The wet snow is a small kindness, the morning’s persistent rain hardening and engulfing the city in a huge liminality. I float through with an umbrella and a scarf, cocooned by cold and damp, affectionate toward this world of softened edges and indeterminate light. We went shopping for Buddhas in a shop reeking of patchouli, because “they have the best selection of Buddhas in town.” I tried on hats, one a corona of outrageous striped fur, one a raccoon face on gray; and the rain stiffened to snow all the while. We bought a Buddha, we left the shop. We drank coffee and I ate cake and I said, “I have to commit to one thing, or the other,” and he said, “It sounds like you know what you need to do.” Those words too were a small kindness. Then I walk home through the sleet.
The empty house is a kindness, and the mouse-shy snick of the door opening when someone else comes home later will be a kindness, neither small. The smell of dinner mingled with incense-smoke and the mail clattering through the slot: all a kindness. Each stitch in my grandmother’s quilt (the yellow one folded over the dusky Egyptian cotton blanket on my bed), the well-seasoned cast iron skillet, the spray of hot water on my back in the shower and the dry towel afterward, yes, each a kindness. The fumbling words in our thousand languages with which we greet each other, ask after one another, comfort one another in city after city, country after country, a sweetness, a kindness. The moldering maple leaf on the sidewalk and the frightened stray cats in the backyard. The bitter of hops, the warmth of cinnamon. Coffee’s bite, exhaustion’s burn, a headache, an Advil; there is no end to the kindness of this world.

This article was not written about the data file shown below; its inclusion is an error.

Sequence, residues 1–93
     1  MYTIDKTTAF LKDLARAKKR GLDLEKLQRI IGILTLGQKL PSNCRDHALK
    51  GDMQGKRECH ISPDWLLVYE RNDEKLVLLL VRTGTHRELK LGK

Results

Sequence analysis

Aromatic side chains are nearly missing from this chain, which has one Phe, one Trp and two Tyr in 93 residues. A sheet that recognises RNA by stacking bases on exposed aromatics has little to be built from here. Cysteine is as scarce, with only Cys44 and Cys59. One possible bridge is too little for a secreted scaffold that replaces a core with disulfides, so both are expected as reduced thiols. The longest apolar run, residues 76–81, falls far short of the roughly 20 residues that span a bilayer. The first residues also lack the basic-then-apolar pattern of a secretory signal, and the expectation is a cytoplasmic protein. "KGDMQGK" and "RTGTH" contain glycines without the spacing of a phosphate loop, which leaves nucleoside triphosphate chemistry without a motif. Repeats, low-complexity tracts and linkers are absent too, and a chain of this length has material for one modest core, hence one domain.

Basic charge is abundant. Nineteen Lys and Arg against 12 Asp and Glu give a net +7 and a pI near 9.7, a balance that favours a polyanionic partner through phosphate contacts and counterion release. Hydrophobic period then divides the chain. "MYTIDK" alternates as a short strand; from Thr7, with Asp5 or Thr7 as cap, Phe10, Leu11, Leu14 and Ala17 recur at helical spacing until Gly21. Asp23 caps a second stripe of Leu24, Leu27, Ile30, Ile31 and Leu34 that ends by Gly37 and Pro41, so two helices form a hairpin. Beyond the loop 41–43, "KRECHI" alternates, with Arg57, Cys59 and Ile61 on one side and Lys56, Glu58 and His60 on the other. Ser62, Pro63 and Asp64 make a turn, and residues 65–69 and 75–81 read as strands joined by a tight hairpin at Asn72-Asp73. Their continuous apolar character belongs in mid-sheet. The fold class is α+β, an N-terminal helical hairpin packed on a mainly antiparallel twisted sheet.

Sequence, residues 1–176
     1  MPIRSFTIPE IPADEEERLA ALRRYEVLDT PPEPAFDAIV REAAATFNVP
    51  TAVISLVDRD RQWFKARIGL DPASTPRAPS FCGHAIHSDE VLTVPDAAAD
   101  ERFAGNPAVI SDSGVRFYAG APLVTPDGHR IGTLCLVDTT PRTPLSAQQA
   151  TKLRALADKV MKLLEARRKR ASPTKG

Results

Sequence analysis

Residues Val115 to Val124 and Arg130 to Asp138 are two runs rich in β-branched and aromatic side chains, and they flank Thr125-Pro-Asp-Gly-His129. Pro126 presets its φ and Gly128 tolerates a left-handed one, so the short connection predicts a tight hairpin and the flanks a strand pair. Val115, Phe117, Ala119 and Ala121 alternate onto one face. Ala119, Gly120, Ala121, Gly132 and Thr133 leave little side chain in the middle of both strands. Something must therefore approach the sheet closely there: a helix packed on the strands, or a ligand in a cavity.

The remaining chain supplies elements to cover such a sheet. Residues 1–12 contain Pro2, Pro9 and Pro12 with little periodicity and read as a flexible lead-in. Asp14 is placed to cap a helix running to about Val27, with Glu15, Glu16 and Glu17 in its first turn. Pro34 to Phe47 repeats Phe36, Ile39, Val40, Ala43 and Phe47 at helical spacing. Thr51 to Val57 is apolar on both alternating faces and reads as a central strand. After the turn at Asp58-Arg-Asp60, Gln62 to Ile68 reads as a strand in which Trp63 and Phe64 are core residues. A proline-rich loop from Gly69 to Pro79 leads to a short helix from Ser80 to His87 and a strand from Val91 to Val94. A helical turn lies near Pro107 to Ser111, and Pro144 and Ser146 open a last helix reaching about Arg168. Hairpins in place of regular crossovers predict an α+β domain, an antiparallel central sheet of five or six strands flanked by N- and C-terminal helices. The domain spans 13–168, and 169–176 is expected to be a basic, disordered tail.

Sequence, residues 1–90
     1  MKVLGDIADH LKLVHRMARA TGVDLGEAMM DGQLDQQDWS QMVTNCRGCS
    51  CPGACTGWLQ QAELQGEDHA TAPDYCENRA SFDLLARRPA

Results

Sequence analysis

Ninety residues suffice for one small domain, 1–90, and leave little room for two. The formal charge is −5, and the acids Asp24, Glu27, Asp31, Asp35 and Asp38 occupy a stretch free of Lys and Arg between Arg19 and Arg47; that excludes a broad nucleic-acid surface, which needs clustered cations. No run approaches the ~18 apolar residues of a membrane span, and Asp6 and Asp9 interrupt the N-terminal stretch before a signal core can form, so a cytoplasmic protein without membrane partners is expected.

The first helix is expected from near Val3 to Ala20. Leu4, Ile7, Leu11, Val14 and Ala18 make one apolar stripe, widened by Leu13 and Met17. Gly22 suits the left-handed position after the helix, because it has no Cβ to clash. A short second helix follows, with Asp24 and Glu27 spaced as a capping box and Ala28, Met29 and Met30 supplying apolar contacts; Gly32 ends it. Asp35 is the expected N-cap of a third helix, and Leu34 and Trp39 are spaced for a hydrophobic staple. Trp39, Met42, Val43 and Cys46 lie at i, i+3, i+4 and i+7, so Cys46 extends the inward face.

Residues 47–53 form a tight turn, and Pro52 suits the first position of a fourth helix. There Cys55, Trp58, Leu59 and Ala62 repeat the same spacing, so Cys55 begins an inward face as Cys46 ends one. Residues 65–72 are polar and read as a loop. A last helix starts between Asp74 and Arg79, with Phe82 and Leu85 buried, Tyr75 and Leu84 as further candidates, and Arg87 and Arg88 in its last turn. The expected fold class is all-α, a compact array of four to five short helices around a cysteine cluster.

Now in the house, it’s cold, the temperature drops inside and out. I put on water to boil (the gas, the stove, the blue flame) for a cup of tea. No end to the kindness of this world.